I’ve never been the type of person who could hide their emotions.  Sometimes my face betrays what I think before I even realize that I’ve come to a conclusion.  I’ve come to accept this and steer clear of things like poker.  I’m a little worried about how my village perceives my expressive reactions to things.  I’m pretty positive they enjoy seeing a big smile and they definitely get a kick out of me being sassy and skeptical.  It’s when I am having a bad day that I think I throw them off guard.  What exactly do you do with a frantic foreigner who is trying to explain to you in a strained and cracking voice and broken
 Jaxanke what is wrong?  Whatever happens it is a scene, and even if I don’t complete any sustainable projects while here, I can rest easy knowing that I  successfully brought some entertainment to this rural community, otherwise lacking in sitcoms, for two years.  Here is a brief sketch of a typical ‘Maria Freak Out’.

Scene opens with Maria being asked for money in some form or another.  She happily gives a little,  content with some explanation such as they probably need it more than I do.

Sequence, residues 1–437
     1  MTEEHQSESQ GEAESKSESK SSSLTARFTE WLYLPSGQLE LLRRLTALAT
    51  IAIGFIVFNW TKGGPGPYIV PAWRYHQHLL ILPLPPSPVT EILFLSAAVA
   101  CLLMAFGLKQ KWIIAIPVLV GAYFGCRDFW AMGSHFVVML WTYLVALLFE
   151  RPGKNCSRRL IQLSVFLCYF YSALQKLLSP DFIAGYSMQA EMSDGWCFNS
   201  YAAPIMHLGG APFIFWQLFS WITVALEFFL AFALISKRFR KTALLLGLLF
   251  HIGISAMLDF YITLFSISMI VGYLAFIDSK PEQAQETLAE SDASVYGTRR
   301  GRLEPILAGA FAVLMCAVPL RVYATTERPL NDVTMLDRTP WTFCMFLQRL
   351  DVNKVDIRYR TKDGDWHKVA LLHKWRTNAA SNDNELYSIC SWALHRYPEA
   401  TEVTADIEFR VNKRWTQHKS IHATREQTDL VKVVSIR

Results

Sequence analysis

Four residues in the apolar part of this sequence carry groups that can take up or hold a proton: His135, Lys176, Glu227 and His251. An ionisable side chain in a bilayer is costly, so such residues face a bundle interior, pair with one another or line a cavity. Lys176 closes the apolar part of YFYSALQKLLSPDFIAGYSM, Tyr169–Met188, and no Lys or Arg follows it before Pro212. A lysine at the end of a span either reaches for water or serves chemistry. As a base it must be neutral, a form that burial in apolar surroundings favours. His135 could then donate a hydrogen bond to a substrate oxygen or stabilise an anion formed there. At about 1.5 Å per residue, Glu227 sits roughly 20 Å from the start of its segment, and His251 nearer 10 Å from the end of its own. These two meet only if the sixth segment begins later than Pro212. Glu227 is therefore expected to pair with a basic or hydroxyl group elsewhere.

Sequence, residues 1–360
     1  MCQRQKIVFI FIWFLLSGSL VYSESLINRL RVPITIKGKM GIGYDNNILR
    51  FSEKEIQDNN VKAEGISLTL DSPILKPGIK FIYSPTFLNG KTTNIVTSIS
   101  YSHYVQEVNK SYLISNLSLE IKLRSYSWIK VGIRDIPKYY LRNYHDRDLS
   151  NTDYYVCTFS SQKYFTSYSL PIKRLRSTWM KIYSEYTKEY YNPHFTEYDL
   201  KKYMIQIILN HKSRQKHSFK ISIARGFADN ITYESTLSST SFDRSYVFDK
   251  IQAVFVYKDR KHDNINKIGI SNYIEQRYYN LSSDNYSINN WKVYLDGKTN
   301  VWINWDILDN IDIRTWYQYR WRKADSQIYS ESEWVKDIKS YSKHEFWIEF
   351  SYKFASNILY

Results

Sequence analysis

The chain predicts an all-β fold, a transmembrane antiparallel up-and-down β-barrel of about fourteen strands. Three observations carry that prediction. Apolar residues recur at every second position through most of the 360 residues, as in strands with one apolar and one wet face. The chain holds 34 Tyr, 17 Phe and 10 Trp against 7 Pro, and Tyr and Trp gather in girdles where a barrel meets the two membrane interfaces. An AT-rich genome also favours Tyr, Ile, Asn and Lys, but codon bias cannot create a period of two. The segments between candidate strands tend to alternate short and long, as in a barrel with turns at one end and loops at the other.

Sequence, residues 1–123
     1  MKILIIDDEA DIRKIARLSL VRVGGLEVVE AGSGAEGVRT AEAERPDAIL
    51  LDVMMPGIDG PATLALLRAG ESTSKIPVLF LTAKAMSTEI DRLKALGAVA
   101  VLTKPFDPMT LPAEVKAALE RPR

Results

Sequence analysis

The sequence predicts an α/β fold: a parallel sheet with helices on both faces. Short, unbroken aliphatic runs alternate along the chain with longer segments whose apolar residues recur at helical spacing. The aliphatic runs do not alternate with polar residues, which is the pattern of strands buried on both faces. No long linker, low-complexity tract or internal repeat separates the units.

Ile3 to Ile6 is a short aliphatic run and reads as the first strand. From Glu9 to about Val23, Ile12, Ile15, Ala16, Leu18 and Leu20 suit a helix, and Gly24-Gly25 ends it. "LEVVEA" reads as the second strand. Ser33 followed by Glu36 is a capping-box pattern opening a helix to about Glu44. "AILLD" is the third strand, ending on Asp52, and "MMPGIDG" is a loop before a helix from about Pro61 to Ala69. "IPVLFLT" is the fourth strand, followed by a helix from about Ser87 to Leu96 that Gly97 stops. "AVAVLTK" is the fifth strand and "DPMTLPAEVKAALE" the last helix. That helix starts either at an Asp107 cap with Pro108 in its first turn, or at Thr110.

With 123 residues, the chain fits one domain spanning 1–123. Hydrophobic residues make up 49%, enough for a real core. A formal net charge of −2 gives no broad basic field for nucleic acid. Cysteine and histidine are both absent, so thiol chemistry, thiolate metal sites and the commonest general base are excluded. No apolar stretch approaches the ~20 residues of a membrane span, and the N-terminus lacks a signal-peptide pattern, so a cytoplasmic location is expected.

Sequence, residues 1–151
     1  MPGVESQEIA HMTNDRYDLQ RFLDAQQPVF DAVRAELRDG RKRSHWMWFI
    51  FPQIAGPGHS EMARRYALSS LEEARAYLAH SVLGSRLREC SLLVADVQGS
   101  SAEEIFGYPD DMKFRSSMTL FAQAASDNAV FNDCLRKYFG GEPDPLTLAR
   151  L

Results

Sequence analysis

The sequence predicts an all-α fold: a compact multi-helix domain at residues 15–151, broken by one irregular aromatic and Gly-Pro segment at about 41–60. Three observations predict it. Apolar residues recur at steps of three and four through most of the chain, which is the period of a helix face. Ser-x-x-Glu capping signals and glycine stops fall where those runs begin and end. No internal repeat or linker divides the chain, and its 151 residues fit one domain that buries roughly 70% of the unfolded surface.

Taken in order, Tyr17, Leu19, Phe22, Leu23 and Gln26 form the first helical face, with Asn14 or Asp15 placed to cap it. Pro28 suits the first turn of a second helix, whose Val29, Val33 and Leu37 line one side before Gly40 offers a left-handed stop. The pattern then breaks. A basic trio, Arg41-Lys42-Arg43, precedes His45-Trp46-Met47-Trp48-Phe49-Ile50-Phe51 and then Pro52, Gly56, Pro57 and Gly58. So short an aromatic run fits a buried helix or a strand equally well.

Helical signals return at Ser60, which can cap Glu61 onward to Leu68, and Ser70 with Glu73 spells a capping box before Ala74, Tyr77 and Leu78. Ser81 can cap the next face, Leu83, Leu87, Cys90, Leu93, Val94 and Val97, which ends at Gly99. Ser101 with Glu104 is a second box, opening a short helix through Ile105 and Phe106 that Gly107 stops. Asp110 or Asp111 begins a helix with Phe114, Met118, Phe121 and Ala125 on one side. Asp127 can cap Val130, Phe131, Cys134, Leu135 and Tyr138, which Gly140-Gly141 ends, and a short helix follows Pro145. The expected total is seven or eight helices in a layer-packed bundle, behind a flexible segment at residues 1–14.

Cut in and out to many scenes of the same thing, Maria slowly becoming less and less generous, both with her handouts and her responses.  Her thoughts volley something like this:

“It’s nothing personal, just a cultural norm.  If they don’t feel guilty asking I shouldn’t feel guilty saying no.  But why haven’t they said thank you?  Really, just a cultural difference.  But I have a culture too.  No really, you read books about how this would be the case.  But can’t we come to a happy medium between my culture and their culture?  Just let it go.  I gave up so much already.  Try to just breath deeply.  There’s only so much cultural integration I can handle.  Think about all you have and be thankful for that.  Had.  Have!  You get to go back to America, they don’t.  If they were in my position they probably wouldn’t keep accepting to be treated like a human vending machine.  Maria, it’s their culture to share what they have, you just have a lot. Then why don’t they share more of their tea with me?  Oh grow up, that’s so petty.  But it still hurts.  Only if you let it.  I didn’t let it the first many times they asked.  Be stronger.  I’m only human with my own limitations and faults.  Try to understand theirs…”